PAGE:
In another embodiment, the well further comprises a relay transducer, said relay transducer located at a third location and comprising two electrodes, which are first and second well electrodes, said first and second well electrodes being substantially in electrical contact with the casing; and the method further comprising the step of: (i) receiving the electric signal with the third transducer by detecting said signal between the first and second well electrodes; and (ii) transmitting the electric signal with the third transducer by applying said signal between the first and second well electrodes. The well can further comprising a plurality of additional relay transducers. The advantages of using relays are to increase the range of the communication and/or to communicate with various locations in the well. At least, the first and second well electrodes have respectively a first well electrical resistance and a second well electrical resistance when in contact with the casing which should be as lowest as possible. Because, of presence of non conductive mud within the casing or non conductive material on the casing, the resistance is not null. Preferably, the first well electrical resistance and/or the second well electrical resistance is/are below one thousand Ohms; more preferably, below one hundred Ohms; most preferably, ten Ohms.

The method can apply when the first location is in the well and the second location is at the surface of the geological formation or when the first and second locations are in the well and/or when the third location is in the well.

Preferably, the well comprises a tubing and at least one of the electrodes taken in the list: first downstream electrode, second downstream electrode, first upstream electrode, second upstream electrode, first well electrode, second well electrode, electrodes from the other transducers, is insulated electrically from the tubing, preferably also, is further insulated electrically from other conductive elements in the well and preferably also, is further shielded electromagnetically. The insulation allows controlling the injected current between electrodes independently of the potential of the tubing or of the other conductive elements. The effects of the electrical insulation of the electrode are clearly tangible and useful for the better efficiency of the receiving and/or transmitting method. The electrical insulation increases the signal to noise ratio. The shielding avoids and protects against electrical interferences coming from the well.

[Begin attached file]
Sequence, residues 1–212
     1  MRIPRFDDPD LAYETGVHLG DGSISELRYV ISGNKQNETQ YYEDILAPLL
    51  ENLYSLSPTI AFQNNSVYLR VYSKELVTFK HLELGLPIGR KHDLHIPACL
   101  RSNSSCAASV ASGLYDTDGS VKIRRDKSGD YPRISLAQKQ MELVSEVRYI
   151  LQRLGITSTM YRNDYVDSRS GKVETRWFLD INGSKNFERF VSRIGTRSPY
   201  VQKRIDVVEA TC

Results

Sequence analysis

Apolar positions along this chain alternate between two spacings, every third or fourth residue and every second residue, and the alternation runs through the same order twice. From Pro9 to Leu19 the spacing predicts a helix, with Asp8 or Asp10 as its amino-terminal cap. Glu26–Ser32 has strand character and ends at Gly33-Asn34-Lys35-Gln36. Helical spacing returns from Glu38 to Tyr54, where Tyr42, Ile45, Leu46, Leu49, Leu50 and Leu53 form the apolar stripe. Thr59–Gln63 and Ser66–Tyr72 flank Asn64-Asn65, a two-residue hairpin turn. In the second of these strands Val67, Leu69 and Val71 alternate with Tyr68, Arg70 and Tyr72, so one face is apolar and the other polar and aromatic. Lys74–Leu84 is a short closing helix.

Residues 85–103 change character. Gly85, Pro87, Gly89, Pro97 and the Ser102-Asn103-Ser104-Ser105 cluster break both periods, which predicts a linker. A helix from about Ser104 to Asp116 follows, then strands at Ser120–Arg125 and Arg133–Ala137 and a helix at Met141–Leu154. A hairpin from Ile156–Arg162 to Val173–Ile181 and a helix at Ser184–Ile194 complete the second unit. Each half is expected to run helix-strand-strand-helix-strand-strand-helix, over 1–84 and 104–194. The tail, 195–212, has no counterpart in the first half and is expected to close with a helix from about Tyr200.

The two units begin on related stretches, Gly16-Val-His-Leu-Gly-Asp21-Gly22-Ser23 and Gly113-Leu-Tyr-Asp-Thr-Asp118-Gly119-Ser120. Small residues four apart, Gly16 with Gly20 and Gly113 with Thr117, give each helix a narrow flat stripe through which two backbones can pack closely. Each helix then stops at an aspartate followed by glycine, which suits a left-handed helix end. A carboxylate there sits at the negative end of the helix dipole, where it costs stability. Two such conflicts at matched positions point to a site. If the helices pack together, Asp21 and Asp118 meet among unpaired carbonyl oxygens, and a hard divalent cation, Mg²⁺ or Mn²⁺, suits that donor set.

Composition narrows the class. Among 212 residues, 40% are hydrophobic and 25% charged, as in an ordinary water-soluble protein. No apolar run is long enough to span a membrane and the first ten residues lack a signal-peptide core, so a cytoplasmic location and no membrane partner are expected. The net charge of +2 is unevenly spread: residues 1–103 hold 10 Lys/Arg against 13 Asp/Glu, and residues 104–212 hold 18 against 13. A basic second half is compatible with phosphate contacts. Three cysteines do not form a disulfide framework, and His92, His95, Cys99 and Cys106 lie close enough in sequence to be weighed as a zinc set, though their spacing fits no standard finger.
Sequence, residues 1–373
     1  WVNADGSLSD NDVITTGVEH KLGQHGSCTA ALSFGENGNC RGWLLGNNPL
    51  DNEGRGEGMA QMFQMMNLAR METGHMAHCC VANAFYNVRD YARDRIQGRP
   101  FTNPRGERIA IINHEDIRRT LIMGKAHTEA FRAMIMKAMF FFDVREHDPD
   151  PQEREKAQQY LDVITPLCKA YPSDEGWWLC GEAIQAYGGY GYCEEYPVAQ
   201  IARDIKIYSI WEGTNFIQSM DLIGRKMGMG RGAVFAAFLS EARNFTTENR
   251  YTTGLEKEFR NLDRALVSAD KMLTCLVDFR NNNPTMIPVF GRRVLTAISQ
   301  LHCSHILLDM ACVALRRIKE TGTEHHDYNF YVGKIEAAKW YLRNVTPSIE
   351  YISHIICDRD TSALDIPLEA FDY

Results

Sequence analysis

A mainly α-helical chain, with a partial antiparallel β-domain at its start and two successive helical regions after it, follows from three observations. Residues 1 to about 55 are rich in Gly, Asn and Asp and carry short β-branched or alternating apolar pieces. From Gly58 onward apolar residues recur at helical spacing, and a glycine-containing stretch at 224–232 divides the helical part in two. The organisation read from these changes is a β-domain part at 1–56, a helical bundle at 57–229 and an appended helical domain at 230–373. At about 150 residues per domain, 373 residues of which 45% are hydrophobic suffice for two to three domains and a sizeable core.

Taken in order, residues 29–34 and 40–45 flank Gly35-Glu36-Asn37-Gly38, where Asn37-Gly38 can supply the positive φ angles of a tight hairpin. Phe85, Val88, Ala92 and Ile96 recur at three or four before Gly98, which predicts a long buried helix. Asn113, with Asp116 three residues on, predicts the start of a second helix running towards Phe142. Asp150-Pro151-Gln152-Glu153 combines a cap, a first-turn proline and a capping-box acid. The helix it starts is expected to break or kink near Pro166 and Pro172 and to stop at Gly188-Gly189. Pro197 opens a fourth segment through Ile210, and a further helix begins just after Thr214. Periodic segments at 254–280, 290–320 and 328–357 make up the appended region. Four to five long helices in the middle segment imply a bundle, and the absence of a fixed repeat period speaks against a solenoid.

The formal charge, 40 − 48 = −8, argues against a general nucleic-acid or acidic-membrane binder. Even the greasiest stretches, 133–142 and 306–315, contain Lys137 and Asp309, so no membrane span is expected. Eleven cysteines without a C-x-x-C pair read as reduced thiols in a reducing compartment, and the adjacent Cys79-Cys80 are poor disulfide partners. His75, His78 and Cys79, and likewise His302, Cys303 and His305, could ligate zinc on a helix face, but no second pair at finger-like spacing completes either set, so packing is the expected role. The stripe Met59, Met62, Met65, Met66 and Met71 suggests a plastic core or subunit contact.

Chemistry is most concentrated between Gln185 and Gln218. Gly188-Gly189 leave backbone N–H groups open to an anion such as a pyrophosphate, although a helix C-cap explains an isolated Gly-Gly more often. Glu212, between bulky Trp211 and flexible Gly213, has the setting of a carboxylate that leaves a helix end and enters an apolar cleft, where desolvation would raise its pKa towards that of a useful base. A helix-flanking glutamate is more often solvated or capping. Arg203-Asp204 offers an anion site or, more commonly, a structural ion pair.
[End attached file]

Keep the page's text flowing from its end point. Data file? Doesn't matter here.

Preferably, the first distance d1 between the first and the second downstream electrodes is dependent of intensity of the electric signal and of the distance between the first and second downstream electrodes and the first and second upstream electrodes; and/or the first distance d1 between the first and the second downstream electrodes is dependent of intensity of the electric signal and of the distance between the first and second downstream electrodes and the first and second well electrodes; and/or the third distance d3 between the first and the second well electrodes is dependent of the electric signal and of the distance between the first and second well electrodes and the first and second upstream electrodes. The dependency principally reflects the fact that electrical signal intensity from one point to the other will be dependent of the traveled distance, of the distance between electrodes and of physical characteristics of the formation.

In one embodiment, the first and second upstream electrodes are in electrical contact with the formation at the surface.

In a second embodiment, the first upstream electrode is in electrical contact with the tubing and the second upstream electrode is in electrical contact with the formation at the surface.

The first transducer, second transducer and/or third transducer, can be connected to a measurement sensor and/or a control/monitoring equipment; also the electric signal communicated by the transducers contained information from the measurement sensor and/or to the control/monitoring equipment.